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Trevor Counsell, 40, from Bodmin, fined for assault over debt

By Cornish Guardian  |  Posted: November 13, 2013

Trevor Counsell, 40, from Bodmin, fined for assault over debt

A BUGLE man found guilty of assault after a trial in his absence has been ordered to pay £1,305 by a court.

Part of the penalty faced by 40-year-old Trevor Counsell includes a total of £345 in compensation to Nick Davey, who was left with a cut lip, broken glasses and a ripped and bloodstained shirt after being attacked by Counsell in a Bugle caravan park.

Counsell, 40, of Riverside Park, Minorca Lane, who had pleaded not guilty to assaulting Mr Davey by beating, claiming Mr Davey was the aggressor, failed to turn up for his trial on October 29 and was convicted in his absence. A warrant was then issued for his arrest and he was brought before Bodmin magistrates in custody for sentence on Monday.

Terry Eastwood, for the prosecution, said that Counsell and Mr Davey had been friends, both living in nearby caravans at Minorca Lane.

However, at around 11.15am on June 22, Davey – who was moving out – was reversing his truck when Counsell appeared at the window of the vehicle. His eyes were glazed and he behaved in an irrational manner, threatening to smash the window, said Mr Eastwood.

Mr Davey wound down the window and asked, 'What's the matter Trev?', at which point Counsell punched him in the face. He pulled off Mr Davey's glasses, causing them to break, swore at him and said he had a knife.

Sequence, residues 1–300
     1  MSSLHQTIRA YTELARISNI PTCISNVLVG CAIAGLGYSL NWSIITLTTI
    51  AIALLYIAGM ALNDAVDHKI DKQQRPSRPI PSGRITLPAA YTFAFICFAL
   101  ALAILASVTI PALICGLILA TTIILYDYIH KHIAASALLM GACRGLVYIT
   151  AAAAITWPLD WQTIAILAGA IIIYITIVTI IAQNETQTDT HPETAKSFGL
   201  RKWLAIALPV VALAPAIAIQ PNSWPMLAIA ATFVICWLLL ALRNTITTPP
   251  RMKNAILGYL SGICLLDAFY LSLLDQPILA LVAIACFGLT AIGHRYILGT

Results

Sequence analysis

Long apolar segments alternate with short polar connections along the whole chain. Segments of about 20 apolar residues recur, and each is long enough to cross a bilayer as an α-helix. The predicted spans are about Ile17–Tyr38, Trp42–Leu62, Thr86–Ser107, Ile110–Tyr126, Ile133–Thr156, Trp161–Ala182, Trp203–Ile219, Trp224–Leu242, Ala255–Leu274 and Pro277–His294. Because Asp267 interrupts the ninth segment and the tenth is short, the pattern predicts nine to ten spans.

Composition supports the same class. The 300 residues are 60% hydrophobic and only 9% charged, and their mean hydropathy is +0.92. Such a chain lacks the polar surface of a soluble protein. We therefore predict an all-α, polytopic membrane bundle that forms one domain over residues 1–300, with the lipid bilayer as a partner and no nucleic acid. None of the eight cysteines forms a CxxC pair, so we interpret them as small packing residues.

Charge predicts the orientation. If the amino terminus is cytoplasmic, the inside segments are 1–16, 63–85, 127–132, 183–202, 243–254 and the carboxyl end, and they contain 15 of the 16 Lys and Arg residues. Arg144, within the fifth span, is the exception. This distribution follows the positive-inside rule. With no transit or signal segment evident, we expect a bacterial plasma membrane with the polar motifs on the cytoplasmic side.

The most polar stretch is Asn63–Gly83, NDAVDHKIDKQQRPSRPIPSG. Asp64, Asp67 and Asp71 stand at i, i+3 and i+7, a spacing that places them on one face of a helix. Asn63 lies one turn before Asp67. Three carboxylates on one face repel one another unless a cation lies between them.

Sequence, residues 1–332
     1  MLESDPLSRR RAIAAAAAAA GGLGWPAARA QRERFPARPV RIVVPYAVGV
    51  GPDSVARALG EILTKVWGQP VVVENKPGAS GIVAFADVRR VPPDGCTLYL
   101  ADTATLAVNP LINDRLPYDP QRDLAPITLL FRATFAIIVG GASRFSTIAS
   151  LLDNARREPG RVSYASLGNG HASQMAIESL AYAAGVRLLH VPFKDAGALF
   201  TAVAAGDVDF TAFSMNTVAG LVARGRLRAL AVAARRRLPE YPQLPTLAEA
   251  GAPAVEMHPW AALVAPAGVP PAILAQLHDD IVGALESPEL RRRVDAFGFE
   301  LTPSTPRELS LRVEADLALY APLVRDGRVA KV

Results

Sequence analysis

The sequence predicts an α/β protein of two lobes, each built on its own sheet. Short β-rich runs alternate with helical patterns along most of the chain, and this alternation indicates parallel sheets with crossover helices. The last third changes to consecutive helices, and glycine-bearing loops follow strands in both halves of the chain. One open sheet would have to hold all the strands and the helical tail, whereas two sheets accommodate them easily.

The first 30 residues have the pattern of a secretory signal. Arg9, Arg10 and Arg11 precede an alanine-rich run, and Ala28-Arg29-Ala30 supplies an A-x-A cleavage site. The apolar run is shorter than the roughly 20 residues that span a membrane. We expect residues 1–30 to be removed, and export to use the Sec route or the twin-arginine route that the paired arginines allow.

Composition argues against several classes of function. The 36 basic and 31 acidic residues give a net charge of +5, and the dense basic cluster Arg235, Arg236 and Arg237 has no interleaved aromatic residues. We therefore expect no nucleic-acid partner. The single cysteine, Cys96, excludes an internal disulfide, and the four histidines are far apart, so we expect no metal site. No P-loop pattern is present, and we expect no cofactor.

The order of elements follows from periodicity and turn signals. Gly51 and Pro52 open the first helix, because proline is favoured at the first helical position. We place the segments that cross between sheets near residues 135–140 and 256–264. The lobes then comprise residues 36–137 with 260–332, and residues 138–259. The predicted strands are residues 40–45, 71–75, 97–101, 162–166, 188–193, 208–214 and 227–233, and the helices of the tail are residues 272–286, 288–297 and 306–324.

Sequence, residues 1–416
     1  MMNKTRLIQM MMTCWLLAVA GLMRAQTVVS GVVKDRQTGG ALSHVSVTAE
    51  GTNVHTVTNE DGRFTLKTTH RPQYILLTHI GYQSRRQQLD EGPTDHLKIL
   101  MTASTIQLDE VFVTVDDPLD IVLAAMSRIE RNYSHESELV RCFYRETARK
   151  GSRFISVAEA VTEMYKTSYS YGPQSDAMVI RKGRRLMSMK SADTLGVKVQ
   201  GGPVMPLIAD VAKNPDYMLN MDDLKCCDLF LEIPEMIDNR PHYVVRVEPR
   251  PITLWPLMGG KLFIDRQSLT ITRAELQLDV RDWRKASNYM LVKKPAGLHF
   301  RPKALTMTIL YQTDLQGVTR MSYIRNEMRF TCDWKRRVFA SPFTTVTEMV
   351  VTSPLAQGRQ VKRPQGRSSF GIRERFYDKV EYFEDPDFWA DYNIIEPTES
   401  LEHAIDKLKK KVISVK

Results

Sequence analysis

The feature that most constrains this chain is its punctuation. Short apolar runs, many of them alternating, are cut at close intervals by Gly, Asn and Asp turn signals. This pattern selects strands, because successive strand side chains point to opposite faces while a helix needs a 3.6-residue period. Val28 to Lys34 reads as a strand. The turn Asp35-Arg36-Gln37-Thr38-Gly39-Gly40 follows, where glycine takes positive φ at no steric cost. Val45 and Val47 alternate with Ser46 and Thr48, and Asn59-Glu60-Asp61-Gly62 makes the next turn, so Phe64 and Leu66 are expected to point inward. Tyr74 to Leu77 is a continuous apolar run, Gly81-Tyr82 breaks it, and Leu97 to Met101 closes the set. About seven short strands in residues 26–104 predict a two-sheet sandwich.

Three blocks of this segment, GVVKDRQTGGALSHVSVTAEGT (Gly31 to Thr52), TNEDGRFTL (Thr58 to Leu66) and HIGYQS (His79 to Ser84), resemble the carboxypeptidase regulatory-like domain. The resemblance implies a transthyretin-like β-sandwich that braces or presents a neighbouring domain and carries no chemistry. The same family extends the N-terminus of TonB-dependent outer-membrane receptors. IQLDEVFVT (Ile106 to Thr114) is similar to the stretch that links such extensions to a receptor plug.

Counsell then reached through the open window and grabbed Mr Davey's shirt, trying to pull him out.

After Mr Davey had got out of the vehicle, Counsell went over and head-butted him, causing further pain. Others helped Mr Davey and Counsell left the scene. Mr Davey later said he had no idea why Counsell had picked on him.

William Hazelton, for the defence, said that some time previously another man, referred to as Sean, had towed Mr Davey's truck out of some mud. Counsell had been present at the time and Mr Davey had said he would pay Sean for the favour.

This had not happened and on the day of the assault Counsell had gone across to ask Mr Davey about the debt.

As Counsell tried to get the keys to the truck, Mr Davey grabbed his finger and Counsell elbowed him so that he would release it.

Counsell denied any reference to knives or a head-butt but accepted that Mr Davey's glasses had been broken in the struggle.

Mr Hazleton pointed out that since the incident Mr Davey had moved back to the area and there was no further animosity between him and Counsell, who had no previous convictions for violence.

The magistrates fined Counsell £600 with £300 costs and a £60 victim surcharge and ordered him to pay £195 compensation to Mr Davey for the damage to his glasses and clothing, and £150 for his injuries.

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